Stratocumulus (Sc) clouds do not usually bring any form of rainfall. 

CL4 Stratocumulus formed by spreading Cumulus by Met OfficeMet Office

Stratocumulus indicate a change in the weather. They are usually found near a weather front. 

There are four forms:
Stratiformis - flat based 
Cumulogenitus - when rising cumulus spreads out
Castellanus - turreted tops, these can form cumulonimbus
Lenticularis - lens shaped

Stratocumulus over Poland

CM4 Altocumulus constantly changing in shape by Met OfficeMet Office

Mid-level Clouds (Cm)

These are clouds with a base between 6500ft and 20,000ft. There are three basic types: Nimbostratus, Altostratus and Altocumulus. 

Medium level clouds are made of ice and water droplets and can look more ethereal than low level clouds.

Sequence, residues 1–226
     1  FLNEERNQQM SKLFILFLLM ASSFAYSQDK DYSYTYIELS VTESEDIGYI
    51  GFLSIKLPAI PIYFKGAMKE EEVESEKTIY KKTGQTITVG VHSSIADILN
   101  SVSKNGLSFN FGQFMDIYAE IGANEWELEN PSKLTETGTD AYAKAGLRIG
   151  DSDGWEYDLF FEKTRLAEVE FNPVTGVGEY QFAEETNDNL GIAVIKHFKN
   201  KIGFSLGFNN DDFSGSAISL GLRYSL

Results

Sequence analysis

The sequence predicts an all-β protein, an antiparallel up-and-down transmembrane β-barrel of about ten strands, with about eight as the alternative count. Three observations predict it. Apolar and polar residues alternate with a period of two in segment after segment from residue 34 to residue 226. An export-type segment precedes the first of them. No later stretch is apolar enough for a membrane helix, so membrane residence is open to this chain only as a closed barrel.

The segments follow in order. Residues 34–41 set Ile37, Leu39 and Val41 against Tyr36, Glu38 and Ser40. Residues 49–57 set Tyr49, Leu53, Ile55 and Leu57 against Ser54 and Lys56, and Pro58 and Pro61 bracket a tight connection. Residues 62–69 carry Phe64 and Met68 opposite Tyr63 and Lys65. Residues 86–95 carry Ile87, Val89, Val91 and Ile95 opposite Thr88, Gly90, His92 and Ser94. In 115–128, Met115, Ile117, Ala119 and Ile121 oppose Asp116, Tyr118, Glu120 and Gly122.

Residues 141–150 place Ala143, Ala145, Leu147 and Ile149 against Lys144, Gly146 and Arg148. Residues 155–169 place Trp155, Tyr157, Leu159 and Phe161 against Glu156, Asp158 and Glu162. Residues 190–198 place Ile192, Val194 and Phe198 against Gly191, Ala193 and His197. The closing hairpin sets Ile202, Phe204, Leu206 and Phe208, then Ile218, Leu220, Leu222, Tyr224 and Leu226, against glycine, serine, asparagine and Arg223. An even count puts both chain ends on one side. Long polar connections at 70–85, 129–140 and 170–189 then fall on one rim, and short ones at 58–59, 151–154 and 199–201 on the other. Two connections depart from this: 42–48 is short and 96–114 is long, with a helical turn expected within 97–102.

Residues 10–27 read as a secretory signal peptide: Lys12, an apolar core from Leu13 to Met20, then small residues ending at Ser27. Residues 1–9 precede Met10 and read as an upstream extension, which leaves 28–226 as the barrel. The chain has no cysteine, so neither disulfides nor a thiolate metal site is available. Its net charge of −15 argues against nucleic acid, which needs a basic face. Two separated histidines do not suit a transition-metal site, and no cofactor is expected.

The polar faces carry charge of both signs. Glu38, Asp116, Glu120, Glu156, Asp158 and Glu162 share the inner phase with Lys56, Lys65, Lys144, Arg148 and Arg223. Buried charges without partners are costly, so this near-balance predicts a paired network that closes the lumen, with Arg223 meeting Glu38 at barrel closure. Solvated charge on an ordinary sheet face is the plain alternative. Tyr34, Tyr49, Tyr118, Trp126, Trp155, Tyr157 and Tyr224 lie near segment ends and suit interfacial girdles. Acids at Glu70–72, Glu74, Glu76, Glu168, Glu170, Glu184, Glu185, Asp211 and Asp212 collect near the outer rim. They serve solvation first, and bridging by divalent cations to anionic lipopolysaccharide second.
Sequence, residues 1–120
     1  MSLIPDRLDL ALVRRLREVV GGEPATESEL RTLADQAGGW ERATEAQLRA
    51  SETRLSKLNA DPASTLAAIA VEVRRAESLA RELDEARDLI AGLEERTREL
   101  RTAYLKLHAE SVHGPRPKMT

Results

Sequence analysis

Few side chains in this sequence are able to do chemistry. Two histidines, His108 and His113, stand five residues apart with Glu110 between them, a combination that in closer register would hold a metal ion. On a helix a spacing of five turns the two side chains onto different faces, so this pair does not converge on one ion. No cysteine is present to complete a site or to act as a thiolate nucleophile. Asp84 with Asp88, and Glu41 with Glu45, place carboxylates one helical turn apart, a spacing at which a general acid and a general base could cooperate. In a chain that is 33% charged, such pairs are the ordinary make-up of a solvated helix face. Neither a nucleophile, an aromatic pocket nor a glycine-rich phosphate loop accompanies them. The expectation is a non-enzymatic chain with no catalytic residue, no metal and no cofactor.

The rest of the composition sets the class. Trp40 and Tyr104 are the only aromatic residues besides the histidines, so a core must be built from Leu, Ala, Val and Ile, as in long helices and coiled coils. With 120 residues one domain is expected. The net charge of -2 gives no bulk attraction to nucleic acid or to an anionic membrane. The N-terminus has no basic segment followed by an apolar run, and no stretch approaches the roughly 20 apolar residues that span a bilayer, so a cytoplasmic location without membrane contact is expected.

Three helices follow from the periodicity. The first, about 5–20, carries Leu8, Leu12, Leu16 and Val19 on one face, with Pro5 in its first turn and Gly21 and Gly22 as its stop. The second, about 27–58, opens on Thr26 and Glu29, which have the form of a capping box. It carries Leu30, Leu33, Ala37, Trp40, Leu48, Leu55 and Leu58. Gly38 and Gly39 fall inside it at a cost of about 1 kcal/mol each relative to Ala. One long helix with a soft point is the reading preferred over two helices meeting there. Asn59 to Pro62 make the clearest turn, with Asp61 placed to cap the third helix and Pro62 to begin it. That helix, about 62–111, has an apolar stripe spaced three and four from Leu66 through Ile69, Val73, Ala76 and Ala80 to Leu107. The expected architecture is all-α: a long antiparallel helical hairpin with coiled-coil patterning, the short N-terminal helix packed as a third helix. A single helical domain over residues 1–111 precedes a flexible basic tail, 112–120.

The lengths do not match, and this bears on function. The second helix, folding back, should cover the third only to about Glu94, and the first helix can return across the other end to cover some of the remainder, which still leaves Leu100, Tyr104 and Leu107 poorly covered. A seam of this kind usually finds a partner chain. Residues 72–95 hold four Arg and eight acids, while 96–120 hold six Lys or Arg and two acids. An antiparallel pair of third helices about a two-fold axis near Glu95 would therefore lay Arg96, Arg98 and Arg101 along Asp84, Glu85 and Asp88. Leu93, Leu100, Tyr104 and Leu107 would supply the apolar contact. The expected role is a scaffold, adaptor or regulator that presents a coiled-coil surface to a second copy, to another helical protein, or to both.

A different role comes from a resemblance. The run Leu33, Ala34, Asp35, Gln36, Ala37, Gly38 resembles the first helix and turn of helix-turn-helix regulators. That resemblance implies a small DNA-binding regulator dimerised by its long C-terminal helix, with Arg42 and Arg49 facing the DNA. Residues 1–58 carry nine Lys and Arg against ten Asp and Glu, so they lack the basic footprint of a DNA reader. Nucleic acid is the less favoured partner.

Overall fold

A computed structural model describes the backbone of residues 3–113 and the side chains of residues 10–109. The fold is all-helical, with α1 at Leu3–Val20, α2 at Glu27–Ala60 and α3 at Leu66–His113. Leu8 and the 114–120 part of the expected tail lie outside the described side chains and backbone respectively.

CM1 Semi-transparent As by Met OfficeMet Office

Altostratus - latin altum (height) and stratus (flattened)

Altostratus are large mid-level sheets of thin cloud. They are thin enough in parts to allow you to see the Sun weakly through the cloud. They are often spread over a very large area and form ahead of weather fronts. 

Altostratus (As) has a base between 6,500 and 20,000ft. 

CM2 Opaque Altostratus or Nimbostratus by Met OfficeMet Office

Nimbostratus - latin nimbus (rainy) and stratus (flattened)

Nimbostratus (Ns) clouds are dark, grey, featureless clouds, which block out the Sun. They have bases between 2,000 and 10,000ft. 

Nimbostratus (Ns) is formed through the thickening of an Altostratus cloud. They are associated with fronts and bring persistent rain.

CM7 Altocumulus at two or more levels or opaque Altocumulus predominant by Met OfficeMet Office

Altocumulus - latin altum (height) and cumulus (heap)

Altocumulus clouds are small mid-level layers or patches of clouds, called cloudlets, they come in many varieties and shapes with bases 7,000 to 18,000ft. 

Altocumulus (Ac) indicate settled conditions. Any rain that does fall will not reach the ground and is seen as 'virga'.